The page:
The Little Rock Zoo

.The Little Rock Zoo needs to step up and care for the animals better! Please read the several artciles here with deaths, sickness and a bald chimp!

Thursday, May 21, 2009

Chimps, Humans With Common Feeding Behaviours

Humans have been until recently the only known species that did not seek to maximize its daily energy intake from foods, but rather planned its diet over a longer time-frame. However, a new ecological study conducted in the Bolivian rainforest has proven that wild spider monkeys do the exact same thing, planning their protein intake to a point where their diet remains relatively unchanged, regardless of the season they are in, or the availability of certain foods. This level of control plays an important role in keeping obesity in humans in check, and researchers believe the monkeys use it for the very same purpose.

Anthropologists have thus far believed that humans formed their eating habits somewhere in the Palaeolithic era, between 2.4 million and approximately 10,000 years ago. But the new research, conducted by scientists at the Australian National University, in Canberra, Australia, shows that the origins of human feeding patterns may actually be a lot older than first believed, and that they may actually arise from the common ancestors we share with existing primates.

“We found that the pattern of nutrient intake by wild spider monkeys, which are primarily fruit eaters, was almost identical to humans, which are omnivores. What spider monkeys and humans have in common is that they tightly regulate their daily protein intake, i.e. they appear to aim for a target amount of protein each day, regardless of whether they only ate ripe fruit or mixed in other vegetable matter as well. Finding this result in spider monkeys was unexpected because, previously, ripe fruit specialists were thought to be 'energy maximizers,'” ANU Fenner School of Environment and Society Departmental Visitor Dr. Annika Felton, who has led the Bolivian study, said.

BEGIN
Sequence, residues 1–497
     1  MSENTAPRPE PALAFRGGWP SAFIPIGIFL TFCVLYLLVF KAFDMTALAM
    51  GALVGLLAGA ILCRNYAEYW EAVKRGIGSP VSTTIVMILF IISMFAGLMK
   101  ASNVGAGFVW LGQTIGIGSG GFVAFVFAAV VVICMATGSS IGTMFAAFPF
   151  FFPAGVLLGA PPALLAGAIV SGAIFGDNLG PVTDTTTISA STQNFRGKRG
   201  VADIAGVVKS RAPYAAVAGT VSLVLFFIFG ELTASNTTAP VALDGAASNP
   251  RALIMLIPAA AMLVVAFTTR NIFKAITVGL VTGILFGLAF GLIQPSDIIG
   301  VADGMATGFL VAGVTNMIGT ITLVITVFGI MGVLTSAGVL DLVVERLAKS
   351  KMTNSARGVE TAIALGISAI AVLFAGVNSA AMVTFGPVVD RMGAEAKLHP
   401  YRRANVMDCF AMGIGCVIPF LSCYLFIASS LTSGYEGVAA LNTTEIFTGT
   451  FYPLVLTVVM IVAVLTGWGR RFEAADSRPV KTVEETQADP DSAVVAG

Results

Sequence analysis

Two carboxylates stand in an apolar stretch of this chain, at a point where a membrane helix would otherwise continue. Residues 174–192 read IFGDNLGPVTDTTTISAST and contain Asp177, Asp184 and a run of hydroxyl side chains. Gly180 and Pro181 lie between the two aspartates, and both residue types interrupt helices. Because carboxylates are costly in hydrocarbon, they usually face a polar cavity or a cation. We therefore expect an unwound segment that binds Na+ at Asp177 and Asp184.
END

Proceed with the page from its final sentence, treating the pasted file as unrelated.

“In other words, they would aim to maximize their daily energy intake. Our findings show this is not the case. The consequence of tight protein regulation is the same for monkeys and humans: if the diet is poor in protein but rich in carbohydrates and fats (energy dense food) individuals will end up ingesting a great deal of energy in order to obtain their protein target, which can lead to weight gain. This 'protein leverage effect' is thought to play a significant role in the human obesity problem found in modern western societies. Our results suggest that an adjustment of the nutritional balance of diets as a means to manage human obesity might similarly be an option for mitigating obesity in captive primates,” she added, quoted by ScienceDaily.

“What is perhaps most fascinating about our paper is not the answers we provide, but the questions that our findings raise. For example, why do these frugivores have the same pattern of nutritional intake as human omnivores? Is this due to convergent evolution or is it a remaining trait from a common ancestor? I am also pleased that our findings can be applied to the management of captive primates, and possibly the management of spider monkey forest habitat,” the expert concluded."


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